Every able-bodied South Korean male between 18 and 35 must serve for 21 to 36 months in the country’s armed forces, depending upon the specific branch. For many, service is a rite of passage to manhood. But there are growing concerns that bullying and violence come along with the tradition. Reporter Jason Strother has more from Seoul.
Video

Video North Carolina Emerges as Key Election Battleground

U.S. congressional midterm elections will be held on November 4th and most political analysts give Republicans an excellent chance to win a majority in the U.S. Senate, which Democrats now control. So what are the issues driving voters in this congressional election year? VOA National Correspondent Jim Malone traveled to North Carolina, one of the most politically competitive states in the country, to find out.
Video

Video Comanche People Maintain Pride in Their Heritage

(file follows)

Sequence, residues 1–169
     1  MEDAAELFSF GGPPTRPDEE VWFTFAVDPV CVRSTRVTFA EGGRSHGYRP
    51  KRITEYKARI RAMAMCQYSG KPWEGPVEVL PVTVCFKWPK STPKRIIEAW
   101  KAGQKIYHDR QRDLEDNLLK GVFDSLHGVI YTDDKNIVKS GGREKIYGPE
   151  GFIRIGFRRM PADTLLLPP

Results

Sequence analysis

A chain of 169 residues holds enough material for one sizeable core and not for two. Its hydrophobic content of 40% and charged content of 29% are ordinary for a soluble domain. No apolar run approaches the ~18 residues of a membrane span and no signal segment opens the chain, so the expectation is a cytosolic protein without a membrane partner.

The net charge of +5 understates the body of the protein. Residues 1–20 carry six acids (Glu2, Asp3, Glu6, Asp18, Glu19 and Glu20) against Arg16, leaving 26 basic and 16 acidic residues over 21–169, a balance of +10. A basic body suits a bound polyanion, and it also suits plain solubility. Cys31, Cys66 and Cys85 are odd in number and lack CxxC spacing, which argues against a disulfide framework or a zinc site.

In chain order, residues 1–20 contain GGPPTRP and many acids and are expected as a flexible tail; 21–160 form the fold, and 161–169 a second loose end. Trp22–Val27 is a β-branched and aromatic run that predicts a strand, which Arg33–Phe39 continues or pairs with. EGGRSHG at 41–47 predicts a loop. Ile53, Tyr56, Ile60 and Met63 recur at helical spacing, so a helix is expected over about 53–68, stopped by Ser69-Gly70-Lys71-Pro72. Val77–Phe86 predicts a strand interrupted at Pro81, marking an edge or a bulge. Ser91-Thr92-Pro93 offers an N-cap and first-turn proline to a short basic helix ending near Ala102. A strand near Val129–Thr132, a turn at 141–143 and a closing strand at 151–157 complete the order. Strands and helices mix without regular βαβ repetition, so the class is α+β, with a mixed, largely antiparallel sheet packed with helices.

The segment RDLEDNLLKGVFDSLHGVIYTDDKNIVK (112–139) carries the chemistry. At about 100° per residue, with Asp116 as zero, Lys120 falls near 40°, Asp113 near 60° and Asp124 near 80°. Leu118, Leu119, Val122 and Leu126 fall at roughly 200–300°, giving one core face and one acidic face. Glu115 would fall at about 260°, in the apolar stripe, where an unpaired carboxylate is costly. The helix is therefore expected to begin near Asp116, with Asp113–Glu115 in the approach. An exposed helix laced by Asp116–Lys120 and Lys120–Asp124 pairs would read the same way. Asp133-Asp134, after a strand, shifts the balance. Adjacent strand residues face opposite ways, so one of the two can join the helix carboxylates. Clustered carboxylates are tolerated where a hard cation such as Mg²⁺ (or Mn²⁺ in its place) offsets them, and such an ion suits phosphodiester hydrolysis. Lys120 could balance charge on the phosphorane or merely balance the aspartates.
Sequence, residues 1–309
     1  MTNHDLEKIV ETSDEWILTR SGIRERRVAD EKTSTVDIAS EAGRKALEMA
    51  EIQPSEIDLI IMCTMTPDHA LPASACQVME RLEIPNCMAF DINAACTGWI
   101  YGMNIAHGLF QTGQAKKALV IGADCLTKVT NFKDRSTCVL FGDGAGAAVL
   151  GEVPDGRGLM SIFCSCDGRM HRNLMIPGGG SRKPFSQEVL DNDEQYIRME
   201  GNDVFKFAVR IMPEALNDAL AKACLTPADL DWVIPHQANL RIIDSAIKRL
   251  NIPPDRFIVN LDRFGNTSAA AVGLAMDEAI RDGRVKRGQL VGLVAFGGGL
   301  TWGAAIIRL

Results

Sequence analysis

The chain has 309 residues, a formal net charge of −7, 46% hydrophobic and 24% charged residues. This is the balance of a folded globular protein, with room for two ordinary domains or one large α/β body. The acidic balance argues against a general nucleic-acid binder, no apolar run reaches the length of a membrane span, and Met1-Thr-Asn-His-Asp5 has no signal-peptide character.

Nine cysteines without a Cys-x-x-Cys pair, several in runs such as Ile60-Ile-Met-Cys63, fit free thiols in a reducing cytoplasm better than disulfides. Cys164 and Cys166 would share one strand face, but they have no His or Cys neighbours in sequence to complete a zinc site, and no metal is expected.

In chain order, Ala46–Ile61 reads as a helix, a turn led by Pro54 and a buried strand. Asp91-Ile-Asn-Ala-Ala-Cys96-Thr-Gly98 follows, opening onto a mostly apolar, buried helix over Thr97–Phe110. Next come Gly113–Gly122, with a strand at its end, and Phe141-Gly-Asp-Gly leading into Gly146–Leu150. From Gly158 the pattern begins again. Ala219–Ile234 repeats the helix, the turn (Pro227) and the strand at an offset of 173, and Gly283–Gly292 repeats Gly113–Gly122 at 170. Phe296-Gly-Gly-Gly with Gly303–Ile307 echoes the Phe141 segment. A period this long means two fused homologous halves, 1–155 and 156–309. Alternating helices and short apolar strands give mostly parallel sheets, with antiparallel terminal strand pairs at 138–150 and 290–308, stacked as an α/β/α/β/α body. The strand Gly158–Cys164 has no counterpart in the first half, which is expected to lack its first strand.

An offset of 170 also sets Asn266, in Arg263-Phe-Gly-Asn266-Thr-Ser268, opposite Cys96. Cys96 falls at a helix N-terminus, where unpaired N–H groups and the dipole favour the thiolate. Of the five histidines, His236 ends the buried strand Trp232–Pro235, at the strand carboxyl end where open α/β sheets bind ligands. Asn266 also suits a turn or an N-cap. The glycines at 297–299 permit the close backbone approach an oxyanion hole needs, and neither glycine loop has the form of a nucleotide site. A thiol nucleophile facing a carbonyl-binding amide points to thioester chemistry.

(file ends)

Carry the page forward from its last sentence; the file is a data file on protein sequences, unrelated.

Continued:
The Comanche (Indian nation) once were called the “Lords of the Plains,” with an empire that included half the land area of current day Texas, large parts of Oklahoma, New Mexico, Kansas and Colorado.The fierceness and battle prowess of these warriors on horseback delayed the settlement of most of West Texas for four decades. VOA’s Greg Flakus reports from Lawton, Oklahoma, that while their warrior days are over, the 15,000 members of the Comanche Nation remain a proud people.
Video

Video Turkey Campus Attacks Raise Islamic Radicalization Fears

Concerns are growing in Turkey of Islamic radicalization at some universities, after clashes between supporters of the jihadist group Islamic State (IS) or ISIS, and those opposed to the extremists. Pro-jihadist literature is on sale openly on the streets of Istanbul. Critics accuse the government of turning a blind eye to radicalism at home, while Kurds accuse the president of supporting IS - a charge strongly denied. Henry Ridgwell reports from London.

All About America

AppleAndroid